Wednesday, December 10, 2008


I had a shorter blog ready originally, but I'm choosing to paste in my short paper #1 instead. I feel the paper is more interesting because it gets into specifics more, and isn't just a general yarn about the film.


Robert Bresson’s 1959 film Pickpocket is a complex and rich film, and offers much to dissect and study. One of the striking things about this film is the intimacy the viewer feels with Michel, despite what an emotionally distant man he is. Although most films hope to achieve a closeness with their protagonist, Bresson manages to do so despite the fact that the protagonist is a petty thief, and he does so through the use of the method of storytelling, basic film techniques (cleverly employed), and the film’s use of non-actors.

Most of the film takes place in a few key locations: Michel’s apartment, the bar where he meets his friend Jacques and the Inspector, the Inspector’s office, and the subway system. There are of course a few other outdoor scenes, but the bulk of the film takes place in these indoor areas. This constant time spent indoors in these cramped and crowded locations adds to the feeling that the viewer is close to Michel. The camera follows Michel along the street, up and down the stairs, through tight crowds and cramped subway cars, and back and forth through his apartment, often with very few cuts (if any). This keeps the viewer close to Michel at all times, as though they are walking alongside him. The constant buzzing of passersby in the bars and subways, and the suffocating proximity to Michel in his apartment and Inspector’s office, put the viewer in the position that Michel is in: cramped, surrounded, and tense. Just as Michel is in a state of constant paranoia as the film progresses, the viewer is sucked in and becomes as paranoid as he does, reaching a climax near the end of the film.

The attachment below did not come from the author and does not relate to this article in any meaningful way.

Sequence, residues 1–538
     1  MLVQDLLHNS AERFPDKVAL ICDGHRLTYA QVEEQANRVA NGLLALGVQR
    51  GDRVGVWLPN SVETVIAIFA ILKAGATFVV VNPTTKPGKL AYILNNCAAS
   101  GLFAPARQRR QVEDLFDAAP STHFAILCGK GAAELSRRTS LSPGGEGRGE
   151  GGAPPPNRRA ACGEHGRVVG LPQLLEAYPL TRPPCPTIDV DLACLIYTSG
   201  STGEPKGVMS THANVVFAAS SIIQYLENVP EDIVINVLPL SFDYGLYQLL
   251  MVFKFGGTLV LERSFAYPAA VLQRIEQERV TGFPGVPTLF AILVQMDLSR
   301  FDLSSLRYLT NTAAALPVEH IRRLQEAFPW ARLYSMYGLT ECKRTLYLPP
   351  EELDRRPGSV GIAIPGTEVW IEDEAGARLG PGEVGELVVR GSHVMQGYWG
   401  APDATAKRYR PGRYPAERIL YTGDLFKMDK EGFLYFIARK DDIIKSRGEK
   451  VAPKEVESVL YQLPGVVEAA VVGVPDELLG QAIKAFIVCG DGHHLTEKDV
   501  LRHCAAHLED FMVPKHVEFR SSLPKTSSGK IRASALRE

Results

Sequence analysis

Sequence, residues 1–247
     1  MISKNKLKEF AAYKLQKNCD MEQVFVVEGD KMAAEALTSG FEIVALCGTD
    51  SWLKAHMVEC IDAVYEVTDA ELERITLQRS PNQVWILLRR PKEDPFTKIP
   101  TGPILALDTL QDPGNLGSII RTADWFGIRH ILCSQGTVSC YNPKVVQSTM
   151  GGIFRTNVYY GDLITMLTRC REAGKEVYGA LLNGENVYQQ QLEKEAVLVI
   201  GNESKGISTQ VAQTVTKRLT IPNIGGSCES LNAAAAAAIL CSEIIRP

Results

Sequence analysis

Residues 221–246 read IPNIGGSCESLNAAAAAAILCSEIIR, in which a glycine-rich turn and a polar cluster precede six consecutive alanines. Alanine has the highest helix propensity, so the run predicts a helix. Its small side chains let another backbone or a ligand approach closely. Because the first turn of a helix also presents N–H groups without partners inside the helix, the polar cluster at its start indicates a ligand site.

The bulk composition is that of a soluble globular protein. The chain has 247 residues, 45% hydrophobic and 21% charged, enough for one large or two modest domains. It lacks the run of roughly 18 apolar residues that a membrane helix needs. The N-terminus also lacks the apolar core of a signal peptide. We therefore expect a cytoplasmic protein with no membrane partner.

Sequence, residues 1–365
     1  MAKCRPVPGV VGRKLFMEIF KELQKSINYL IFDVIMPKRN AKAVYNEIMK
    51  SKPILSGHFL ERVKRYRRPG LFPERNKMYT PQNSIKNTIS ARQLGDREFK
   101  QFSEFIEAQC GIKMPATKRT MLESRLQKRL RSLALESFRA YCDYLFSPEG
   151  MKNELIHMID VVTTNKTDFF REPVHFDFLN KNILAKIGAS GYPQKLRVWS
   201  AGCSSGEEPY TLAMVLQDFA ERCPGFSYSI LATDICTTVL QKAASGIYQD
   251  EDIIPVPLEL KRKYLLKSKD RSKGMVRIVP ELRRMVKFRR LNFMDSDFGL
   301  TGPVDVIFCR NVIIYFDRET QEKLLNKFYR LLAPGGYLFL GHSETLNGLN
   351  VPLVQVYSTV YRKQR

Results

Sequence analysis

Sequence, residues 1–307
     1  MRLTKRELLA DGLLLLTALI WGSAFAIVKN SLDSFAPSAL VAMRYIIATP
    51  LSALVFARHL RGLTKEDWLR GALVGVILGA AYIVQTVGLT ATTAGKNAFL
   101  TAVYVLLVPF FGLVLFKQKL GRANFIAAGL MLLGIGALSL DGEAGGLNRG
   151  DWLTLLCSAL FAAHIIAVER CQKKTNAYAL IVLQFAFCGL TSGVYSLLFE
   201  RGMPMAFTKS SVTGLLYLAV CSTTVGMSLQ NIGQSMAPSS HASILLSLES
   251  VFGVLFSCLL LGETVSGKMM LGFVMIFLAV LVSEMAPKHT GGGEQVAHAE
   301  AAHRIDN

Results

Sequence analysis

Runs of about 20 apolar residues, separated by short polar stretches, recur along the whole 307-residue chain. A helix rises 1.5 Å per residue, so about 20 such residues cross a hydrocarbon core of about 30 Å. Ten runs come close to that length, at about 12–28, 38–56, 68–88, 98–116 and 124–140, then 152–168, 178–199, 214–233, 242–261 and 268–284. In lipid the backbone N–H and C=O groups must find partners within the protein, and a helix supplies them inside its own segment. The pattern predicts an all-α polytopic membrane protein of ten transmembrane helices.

Another way in which the film makes the viewer close to Michel is through the way the film is told. The film opens with Michel penning his confession, and telling the viewer that they are about to hear his story. This, along with the other occasional breaks of Michel writing, are excellent ways that the film draws the viewer in, and gives them a sense of voyeuristic pleasure. The viewer feels that they are getting an inside glimpse into a sordid story, which no one else is getting. The film truly takes advantage of cinema as an isolated viewer’s experience. When one is sitting in a dark movie theater, it is just them and whatever is on the screen, no one else; this is why this film is so successful in making the viewer feel close to Michel. The constant voice-over narration through the film keeps the viewer close to Michel as well, as his voice is ever-present, guiding the viewer through the tangled path of his career as a thief.

Another set of amazing things about Pickpocket, that really help make the film so suspenseful and powerful, are the editing and direction of the film. While any film should ideally have excellent direction and editing, Bresson uses these so effectively that it has to be noted. Much of the film is filled with long and slow takes that follow Michel as he wanders aimlessly through his own life, but in contrast to that are the actual pocket-picking scenes, where the editing is very rapid-fire. There are quick shots, sometimes of the same subject from different angles, which treat the viewer to a dizzying and thrilling inside window to the crime. This once again satisfies the voyeuristic curiosity that most humans posses. In addition to the power of the simple quick nature of the cuts, there is also the subject that is being focused on. The extreme close-ups of fingers and hands working smoothly and somewhat frantically are contrasted with the calm and composed, almost bored faces of the men committing the crimes. This makes the viewer feel as though they are in on the crime. When the protagonist is a criminal, and is presented as sympathetic as Michel is in this film, the viewer begins to side with them, whether they know it or not. Getting the inside view on the crime, via the editing and direction, only adds to the intimacy that the viewer feels with Michel and his accomplices, despite knowing hardly anything about them!